Mitt Romney's awkward trip overseas was so peppered with amateurish missteps that one of his big policy statements was passed over without much attention. It turns out the presumptive Republican nominee wants America's health care system to look more like Israel's.
This is what he told donors at the King David Hotel in Jerusalem: "Our health care costs are completely out of control. Do you realize what health care spending is as a percentage of the GDP in Israel? Eight percent. You spend 8 percent of GDP on health care. And you're a pretty healthy nation. We spend 18 percent of our GDP on health care. Ten percentage points more."
Romney's right. Israel spends far less per capita, about $2,200 compared with our $8,400. It also covers all of its citizens in a system that provides accessible, technologically advanced treatment. How does Israel do it? Israel is a socialist country. It has national health care in which all citizens are part of HMOs paid for by the government as a single payer. The cost of the system is covered by taxes.
Romney continued his remarks by saying, "We have to find ways — not just to provide health care to more people, but to find ways to finally manage our health care costs."
Israel does this through government control. The government caps hospital revenue, contracts with salaried physicians and decides how much it will pay the HMOs, while guaranteeing that comprehensive health services are provided. Coverage is so generous that the Israeli average life expectancy is four years higher than that of an American.
The very approach so anathema to Romney and his fellow Republicans — federally mandated health insurance with strict government regulation — is Israel's recipe for success.
Similarly, the U.K., an earlier stop on Romney's journey, has socialized medicine that also results in British citizens enjoying a greater life expectancy than Americans while spending far less per capita. He might have lauded that system too, if he didn't spend so much time on the campaign trail bashing the European model of everything. ("Europe isn't working in Europe," he said during a primary debate. "It's not going to work here.")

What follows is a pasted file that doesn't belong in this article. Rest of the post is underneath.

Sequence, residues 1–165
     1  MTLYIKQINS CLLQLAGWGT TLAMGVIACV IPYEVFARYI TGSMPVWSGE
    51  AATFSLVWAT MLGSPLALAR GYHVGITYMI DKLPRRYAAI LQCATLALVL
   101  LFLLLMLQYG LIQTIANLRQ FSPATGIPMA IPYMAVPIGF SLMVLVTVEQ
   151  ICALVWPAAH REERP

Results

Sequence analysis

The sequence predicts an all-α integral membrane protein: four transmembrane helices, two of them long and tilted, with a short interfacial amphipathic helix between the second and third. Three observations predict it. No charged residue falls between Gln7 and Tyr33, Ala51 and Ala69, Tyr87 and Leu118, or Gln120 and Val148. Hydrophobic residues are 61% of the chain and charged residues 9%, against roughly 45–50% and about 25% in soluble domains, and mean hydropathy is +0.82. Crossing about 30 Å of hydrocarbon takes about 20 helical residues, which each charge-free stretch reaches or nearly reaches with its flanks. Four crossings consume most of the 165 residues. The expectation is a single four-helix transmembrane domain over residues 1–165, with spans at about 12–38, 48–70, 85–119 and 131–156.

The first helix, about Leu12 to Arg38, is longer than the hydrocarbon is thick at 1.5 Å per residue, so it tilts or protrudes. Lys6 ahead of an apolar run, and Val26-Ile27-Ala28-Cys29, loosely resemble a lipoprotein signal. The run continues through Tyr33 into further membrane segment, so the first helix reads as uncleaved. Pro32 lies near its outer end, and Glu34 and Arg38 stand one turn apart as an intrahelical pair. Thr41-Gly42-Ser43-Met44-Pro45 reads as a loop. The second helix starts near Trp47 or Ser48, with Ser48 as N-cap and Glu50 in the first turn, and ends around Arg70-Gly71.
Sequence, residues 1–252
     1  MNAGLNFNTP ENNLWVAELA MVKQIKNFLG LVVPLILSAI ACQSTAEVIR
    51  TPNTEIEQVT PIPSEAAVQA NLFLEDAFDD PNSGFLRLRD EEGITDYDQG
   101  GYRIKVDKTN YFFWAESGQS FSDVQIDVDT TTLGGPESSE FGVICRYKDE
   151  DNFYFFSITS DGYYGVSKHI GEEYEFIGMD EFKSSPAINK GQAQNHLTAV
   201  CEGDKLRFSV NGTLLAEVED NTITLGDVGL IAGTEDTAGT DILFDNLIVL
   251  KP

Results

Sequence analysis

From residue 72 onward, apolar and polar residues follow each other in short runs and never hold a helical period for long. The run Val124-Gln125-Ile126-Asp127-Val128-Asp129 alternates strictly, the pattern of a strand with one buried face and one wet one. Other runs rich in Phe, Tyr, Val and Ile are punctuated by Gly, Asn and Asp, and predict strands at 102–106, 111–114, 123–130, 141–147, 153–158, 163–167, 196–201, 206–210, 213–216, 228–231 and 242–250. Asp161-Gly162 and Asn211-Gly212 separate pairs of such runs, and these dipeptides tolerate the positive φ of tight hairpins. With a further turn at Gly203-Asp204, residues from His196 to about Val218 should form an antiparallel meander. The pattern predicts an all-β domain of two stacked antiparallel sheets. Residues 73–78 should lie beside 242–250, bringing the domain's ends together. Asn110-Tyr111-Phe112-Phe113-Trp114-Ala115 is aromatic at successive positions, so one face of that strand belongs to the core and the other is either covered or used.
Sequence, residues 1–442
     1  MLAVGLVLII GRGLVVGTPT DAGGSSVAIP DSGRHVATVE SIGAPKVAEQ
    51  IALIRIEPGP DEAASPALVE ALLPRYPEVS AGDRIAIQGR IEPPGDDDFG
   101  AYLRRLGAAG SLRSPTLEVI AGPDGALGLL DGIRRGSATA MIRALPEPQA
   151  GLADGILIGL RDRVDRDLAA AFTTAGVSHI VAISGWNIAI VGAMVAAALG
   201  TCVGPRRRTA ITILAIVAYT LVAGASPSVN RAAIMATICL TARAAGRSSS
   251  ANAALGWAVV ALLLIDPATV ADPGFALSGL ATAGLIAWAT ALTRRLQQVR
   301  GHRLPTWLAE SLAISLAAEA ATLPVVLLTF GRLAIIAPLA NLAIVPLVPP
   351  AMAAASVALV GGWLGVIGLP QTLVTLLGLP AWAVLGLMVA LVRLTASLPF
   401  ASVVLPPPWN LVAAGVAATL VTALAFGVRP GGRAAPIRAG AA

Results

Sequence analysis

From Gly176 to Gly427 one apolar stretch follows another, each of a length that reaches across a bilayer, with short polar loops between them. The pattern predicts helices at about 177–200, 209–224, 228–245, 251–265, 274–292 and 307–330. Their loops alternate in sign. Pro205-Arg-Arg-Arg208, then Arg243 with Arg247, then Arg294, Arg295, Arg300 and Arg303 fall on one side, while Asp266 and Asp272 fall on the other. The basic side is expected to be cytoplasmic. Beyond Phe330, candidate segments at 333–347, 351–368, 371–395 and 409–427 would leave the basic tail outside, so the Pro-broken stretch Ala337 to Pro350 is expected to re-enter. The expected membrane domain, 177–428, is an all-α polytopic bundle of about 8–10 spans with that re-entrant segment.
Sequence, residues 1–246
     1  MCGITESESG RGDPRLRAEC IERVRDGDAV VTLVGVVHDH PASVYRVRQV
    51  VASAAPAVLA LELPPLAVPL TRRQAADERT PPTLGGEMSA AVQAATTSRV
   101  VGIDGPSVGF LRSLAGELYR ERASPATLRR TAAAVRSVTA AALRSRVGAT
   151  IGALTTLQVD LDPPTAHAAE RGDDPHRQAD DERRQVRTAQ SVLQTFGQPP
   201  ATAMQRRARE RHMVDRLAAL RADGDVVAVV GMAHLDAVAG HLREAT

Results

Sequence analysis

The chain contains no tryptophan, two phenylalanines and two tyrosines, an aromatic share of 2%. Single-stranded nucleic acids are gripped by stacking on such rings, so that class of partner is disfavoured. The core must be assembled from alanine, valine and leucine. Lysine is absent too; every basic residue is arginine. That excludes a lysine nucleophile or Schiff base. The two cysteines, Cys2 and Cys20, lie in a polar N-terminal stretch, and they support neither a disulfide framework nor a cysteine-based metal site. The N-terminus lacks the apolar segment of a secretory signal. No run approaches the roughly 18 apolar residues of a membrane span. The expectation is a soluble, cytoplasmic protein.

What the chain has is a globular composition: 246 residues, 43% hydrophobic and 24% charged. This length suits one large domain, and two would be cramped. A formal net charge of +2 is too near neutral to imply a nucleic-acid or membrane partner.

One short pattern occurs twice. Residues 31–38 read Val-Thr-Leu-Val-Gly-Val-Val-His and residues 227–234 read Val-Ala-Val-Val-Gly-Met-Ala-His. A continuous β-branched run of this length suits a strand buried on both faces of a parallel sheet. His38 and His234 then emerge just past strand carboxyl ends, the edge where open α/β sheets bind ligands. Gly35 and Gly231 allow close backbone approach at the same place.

But even someone as focused on American exceptionalism as Romney should have noticed that during the opening ceremonies of the Olympic Games he attended there was a paean to the U.K.'s National Health Service. He couldn't miss it. The extravaganza included 300 hospital beds and more than 600 actual nurses and other health care workers, celebrating a point of national pride. The NHS is widely considered one of the country's greatest achievements.
Can anyone imagine celebrating America's system? Certainly not the 50 million people without health insurance or those who have gone bankrupt from medical bills. Certainly not those of us with health insurance who fret about losing it if we lose our job, or the people injured in the Aurora, Colo., shooting who have to rely on fund-raisers and charity to pay their hospital bills.
Unlike the U.K. and Israel, people in the United States have to worry about being hounded for payment even as they seek emergency care. The company Accretive Health, a medical debt collector, has recently been accused of infiltrating hospital emergency rooms to extract payment from patients. One Minnesota resident was hemorrhaging blood while a debt collector demanded $300, according to a court case filed by the Minnesota attorney general that has since been settled. Fearing she wouldn't be able to see a doctor otherwise, she paid up.
It reminded me of the nonfiction book Strength In What Remains by Tracy Kidder that describes medical facilities in modern-day Burundi. Patients who could not pay their bill were imprisoned in the hospital without medical care or even food until someone covered the cost.
Shifting more costs and risk onto medical consumers so they "have skin in the game" and won't overuse services is what Republicans often talk about as the solution to spiraling costs. Here's the ultimate model.
As to Romney's federal-government-hands-off approach to health insurance, it bears no resemblance to Israel's national health care system. Maybe Romney should do a little less talking and a lot more listening next time he digs out his passport.